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Journal of Korean Neurosurgical Society > Volume 44(4); 2008 > Article
Journal of Korean Neurosurgical Society 2008;44(4): 234-239.
doi: https://doi.org/10.3340/jkns.2008.44.4.234
Surgical Complications of Epilepsy Surgery Procedures : Experience of 179 Procedures in a Single Institute.
Jun Ho Lee, Yong Soon Hwang, Jun Jae Shin, Tae Hong Kim, Hyung Shik Shin, Sang Keun Park
Department of Neurosurgery, Sanggye Paik Hospital, Inje University College of Medicine, Seoul, Korea. yshwang@paik.ac.kr
There are a few reports on the complications of surgery for epilepsy. We surveyed our data to present complications of epilepsy surgeries from the neurosurgeon's point of view and compare our results with other previous reports.
A total of 179 surgical procedures for intractable epilepsy (41 diagnostic, 138 therapeutic) were performed in 92 consecutive patients (10 adults, 82 children) during the last 9.2 years (February. 1997-April. 2006). Their medical records and radiological findings were reviewed to identify and analyze the surgical complications.
The diagnostic procedures encompassed various combinations of subdural grid, subdural strips, and depth electrodes. Four minor transient complications developed in 41 diagnostic procedures (4/41=9.8%). A total of 138 therapeutic procedures included 28 anterior temporal lobectomies, 21 other lobectomies, 6 lesionectomies, 21 topectomies, 13 callosotomies, 20 vagus nerve stimulations, 13 multiple subpial transections, and 16 hemispherectomies. Twenty-six complications developed in therapeutic procedures (26/138=18.8%). Out of the 26 complications, 21 complications were transient and reversible (minor; 21/138=15.2%), and 5 were serious complications (major; 5/138=3.6%). Five major complications were one visual field defect, two mortality cases and two vegetative states. There were 2 additional mortality cases which were not related to the surgery itself.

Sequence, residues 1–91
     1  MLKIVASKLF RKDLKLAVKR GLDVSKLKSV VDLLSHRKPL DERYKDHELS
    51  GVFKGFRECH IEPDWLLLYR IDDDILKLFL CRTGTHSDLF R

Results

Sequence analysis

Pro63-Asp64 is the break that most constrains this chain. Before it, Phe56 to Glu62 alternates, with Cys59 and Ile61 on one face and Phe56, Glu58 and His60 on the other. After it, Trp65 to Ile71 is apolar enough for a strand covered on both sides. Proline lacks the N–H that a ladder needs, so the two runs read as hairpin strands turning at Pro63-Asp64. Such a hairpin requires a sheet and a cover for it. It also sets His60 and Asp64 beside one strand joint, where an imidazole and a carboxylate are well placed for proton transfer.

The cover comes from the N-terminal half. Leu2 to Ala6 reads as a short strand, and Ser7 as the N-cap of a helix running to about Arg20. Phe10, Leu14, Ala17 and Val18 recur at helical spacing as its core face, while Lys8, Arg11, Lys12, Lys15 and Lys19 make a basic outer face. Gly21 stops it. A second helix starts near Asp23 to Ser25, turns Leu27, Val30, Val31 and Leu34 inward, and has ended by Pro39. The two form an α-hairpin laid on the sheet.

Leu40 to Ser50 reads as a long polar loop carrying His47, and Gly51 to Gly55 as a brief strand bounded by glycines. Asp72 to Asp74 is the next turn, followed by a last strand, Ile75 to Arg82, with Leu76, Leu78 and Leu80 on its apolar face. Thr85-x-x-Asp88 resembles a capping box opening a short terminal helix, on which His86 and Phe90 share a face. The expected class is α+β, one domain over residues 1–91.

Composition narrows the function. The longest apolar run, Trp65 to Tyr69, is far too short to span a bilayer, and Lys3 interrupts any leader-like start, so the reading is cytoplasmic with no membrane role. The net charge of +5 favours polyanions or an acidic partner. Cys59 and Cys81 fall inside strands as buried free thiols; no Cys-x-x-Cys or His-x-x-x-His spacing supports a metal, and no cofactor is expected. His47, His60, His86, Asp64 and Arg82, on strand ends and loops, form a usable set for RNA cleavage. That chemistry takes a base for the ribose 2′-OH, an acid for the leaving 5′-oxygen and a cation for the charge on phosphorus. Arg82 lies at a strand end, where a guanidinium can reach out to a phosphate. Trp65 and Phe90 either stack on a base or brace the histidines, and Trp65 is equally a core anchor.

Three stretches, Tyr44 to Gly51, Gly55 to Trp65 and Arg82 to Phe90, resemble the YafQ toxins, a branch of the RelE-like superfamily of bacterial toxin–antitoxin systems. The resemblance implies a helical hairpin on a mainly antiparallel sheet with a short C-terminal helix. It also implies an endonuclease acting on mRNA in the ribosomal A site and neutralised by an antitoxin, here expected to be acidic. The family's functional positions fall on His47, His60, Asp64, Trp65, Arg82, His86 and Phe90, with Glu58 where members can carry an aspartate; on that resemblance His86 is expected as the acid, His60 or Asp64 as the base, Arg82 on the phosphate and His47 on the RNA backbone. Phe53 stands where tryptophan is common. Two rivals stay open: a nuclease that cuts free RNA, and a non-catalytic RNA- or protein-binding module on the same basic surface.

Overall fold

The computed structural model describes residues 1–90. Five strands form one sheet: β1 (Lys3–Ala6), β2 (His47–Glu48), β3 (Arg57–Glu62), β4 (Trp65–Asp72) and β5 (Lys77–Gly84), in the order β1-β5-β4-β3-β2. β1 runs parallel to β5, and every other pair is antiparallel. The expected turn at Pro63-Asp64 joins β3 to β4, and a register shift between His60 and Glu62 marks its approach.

Our results indicate that complication rate was higher than previous other reports in minor complications and was comparable in major complications. However, our results show relatively high frequency of mortality cases and severe morbidity case compared to other previous reports. The authors would like to emphasize the importance of acute postoperative care in young pediatric patients as well as meticulous surgical techniques to reduce morbidity and mortality in epilepsy surgery.
Key Words: Epilepsy; Surgery; Intraoperative complication; Morbidity; Mortality
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